In the Mechanical Engineering department at Embry-Riddle, a new track has opened up. The current tracks were Robotics, Clean Energy, and High Performance Vehicles. It is time to welcome a new track: Biomechanical/Medical Engineering! I am proud to say I am in that track! Since it is a new track here at Riddle, there is a lot to get involved in and learn from. Dr. Eduardo Divo heads the track and the program here at ERAU. The technical definition of Biomechanical Engineering (according to Wikipedia) is that it is “a bioengineering sub discipline, which applies principles of mechanical engineering to biological systems and stems from the scientific discipline of biomechanics. Topics of interest in the field include biomedical engineering and agricultural engineering.” Basically, it deals with a bunch of different aspects, in particular, fluids.
As all of you engineering students know here at Riddle the “gauntlet” is fluids, solids, and dynamics. Well, if you plan to be in the Biomechanical track, pay attention in fluids! Biomechanical has a range of topics it covers but one of the main ones it ties into includes biomedical. It deals with biology and medicine. Usually pertaining to the human body. For example, one of the projects biomechanical/medical engineering is working on here at Riddle include the Hypoplastic Left Heart Syndrome. Hypoplastic Left Heart Syndrome, or HLHS, is “one of the most complex cardiac defects seen in the newborn and remains probably the most challenging to manage of all congenital heart defects. It is one of a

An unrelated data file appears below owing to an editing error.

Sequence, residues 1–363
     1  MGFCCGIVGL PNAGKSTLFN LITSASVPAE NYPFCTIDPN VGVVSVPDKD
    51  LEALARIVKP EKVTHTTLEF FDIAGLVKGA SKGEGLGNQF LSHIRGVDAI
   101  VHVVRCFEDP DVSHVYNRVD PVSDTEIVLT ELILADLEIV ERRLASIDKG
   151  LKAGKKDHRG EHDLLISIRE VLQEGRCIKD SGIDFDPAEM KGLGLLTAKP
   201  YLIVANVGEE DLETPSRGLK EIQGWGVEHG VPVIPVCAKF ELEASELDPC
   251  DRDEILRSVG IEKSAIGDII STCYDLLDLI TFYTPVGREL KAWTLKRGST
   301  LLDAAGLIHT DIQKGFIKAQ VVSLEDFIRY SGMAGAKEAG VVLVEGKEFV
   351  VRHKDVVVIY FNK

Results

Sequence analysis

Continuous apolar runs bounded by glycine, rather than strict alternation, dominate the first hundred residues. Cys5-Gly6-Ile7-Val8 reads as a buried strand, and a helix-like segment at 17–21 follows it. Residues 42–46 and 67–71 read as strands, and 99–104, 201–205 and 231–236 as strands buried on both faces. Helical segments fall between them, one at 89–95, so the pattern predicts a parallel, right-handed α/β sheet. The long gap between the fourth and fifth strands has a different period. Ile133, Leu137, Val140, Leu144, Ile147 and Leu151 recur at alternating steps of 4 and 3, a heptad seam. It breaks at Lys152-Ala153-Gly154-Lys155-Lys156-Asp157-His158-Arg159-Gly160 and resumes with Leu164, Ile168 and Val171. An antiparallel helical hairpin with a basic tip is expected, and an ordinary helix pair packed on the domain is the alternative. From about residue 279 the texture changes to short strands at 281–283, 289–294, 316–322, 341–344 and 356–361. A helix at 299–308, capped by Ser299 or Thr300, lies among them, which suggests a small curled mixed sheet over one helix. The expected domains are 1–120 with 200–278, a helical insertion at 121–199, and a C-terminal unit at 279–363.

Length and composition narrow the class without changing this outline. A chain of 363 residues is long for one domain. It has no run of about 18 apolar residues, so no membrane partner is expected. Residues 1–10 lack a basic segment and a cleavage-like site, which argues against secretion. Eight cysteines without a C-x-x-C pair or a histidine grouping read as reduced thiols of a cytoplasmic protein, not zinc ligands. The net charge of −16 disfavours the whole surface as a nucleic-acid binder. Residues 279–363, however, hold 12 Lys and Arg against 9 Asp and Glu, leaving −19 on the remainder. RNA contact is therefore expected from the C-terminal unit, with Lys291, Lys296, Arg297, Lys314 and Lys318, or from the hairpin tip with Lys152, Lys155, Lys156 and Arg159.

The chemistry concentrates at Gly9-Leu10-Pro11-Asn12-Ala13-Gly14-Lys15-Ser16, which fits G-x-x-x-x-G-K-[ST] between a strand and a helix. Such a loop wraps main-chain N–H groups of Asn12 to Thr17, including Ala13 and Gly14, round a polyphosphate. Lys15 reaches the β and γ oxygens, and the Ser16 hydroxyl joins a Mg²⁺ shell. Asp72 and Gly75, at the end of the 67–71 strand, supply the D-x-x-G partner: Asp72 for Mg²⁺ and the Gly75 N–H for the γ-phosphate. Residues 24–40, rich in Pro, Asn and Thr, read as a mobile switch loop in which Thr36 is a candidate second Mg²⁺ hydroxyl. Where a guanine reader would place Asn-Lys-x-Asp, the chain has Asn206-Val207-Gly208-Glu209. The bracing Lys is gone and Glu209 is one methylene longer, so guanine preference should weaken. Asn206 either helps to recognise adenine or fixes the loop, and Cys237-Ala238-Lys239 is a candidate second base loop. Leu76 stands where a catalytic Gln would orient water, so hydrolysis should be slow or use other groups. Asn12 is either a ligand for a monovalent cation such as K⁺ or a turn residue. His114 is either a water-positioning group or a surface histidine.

group of cardiac anomalies that can be grouped together under the description single ventricle defects” (Cincinnati Children’s). Basically, when babies are born with HLHS their whole left side of the heart is underdeveloped. Since the left side of the heart can’t effectively pump blood to the body, the right side of the heart has to pump blood both to the lungs and to the rest of the body. In order to fix this issue, the newborn must go through a series of 3 surgeries 6 months apart. The first surgery has to occur within 5 days of birth or else the baby will not survive. Now that you have a little bit of a background, we as engineers here at Riddle are trying to improve the second surgery in the series to make it more efficient. Partnering with UCF and Dr. William DeCampli, we are creating a new cardiovascular flow loop to help achieve maximum flow from the heart to the body. Through computational fluid dynamic and analysis models and lots of hard work, we hope that this new method can save little newborns lives all around the world.
I personally love working on this project and working with the computations and complications of this project. It is tough going through the process and hearing more no’s then yes’s but that is what us engineers do. We solve problems and build the future. That is what it is all about. If I can make someone’s life better through problem solving and engineering, I am happy.
If you would like to know more about Biomechanical/medical engineering, contact Dr. Eduardo Divo in the Mechanical Engineering department.